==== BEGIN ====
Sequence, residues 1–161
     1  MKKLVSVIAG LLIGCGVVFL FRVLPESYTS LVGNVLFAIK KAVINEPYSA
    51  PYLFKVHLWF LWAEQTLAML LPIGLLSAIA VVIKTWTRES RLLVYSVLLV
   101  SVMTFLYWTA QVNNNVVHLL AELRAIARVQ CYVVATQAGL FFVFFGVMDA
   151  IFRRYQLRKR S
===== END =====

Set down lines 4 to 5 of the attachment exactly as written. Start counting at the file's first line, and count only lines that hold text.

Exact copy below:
   101  SVMTFLYWTA QVNNNVVHLL AELRAIARVQ CYVVATQAGL FFVFFGVMDA
   151  IFRRYQLRKR S